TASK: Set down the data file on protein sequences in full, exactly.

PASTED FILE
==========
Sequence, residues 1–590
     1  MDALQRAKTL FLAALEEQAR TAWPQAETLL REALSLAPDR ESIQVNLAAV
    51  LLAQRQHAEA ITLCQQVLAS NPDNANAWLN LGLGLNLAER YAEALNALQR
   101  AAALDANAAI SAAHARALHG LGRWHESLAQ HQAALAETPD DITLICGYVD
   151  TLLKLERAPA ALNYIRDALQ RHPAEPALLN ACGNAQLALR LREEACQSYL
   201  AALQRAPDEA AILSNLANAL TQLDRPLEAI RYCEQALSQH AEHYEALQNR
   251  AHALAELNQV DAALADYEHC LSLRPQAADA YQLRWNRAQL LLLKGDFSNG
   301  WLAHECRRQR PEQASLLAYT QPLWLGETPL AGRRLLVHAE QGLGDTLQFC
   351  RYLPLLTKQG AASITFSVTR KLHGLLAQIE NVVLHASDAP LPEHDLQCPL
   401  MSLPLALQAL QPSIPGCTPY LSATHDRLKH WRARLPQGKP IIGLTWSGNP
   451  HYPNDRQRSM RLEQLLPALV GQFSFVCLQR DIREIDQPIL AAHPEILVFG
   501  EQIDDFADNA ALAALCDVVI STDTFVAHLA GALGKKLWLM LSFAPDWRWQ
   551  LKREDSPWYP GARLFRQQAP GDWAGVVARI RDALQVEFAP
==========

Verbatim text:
Sequence, residues 1–590
     1  MDALQRAKTL FLAALEEQAR TAWPQAETLL REALSLAPDR ESIQVNLAAV
    51  LLAQRQHAEA ITLCQQVLAS NPDNANAWLN LGLGLNLAER YAEALNALQR
   101  AAALDANAAI SAAHARALHG LGRWHESLAQ HQAALAETPD DITLICGYVD
   151  TLLKLERAPA ALNYIRDALQ RHPAEPALLN ACGNAQLALR LREEACQSYL
   201  AALQRAPDEA AILSNLANAL TQLDRPLEAI RYCEQALSQH AEHYEALQNR
   251  AHALAELNQV DAALADYEHC LSLRPQAADA YQLRWNRAQL LLLKGDFSNG
   301  WLAHECRRQR PEQASLLAYT QPLWLGETPL AGRRLLVHAE QGLGDTLQFC
   351  RYLPLLTKQG AASITFSVTR KLHGLLAQIE NVVLHASDAP LPEHDLQCPL
   401  MSLPLALQAL QPSIPGCTPY LSATHDRLKH WRARLPQGKP IIGLTWSGNP
   451  HYPNDRQRSM RLEQLLPALV GQFSFVCLQR DIREIDQPIL AAHPEILVFG
   501  EQIDDFADNA ALAALCDVVI STDTFVAHLA GALGKKLWLM LSFAPDWRWQ
   551  LKREDSPWYP GARLFRQQAP GDWAGVVARI RDALQVEFAP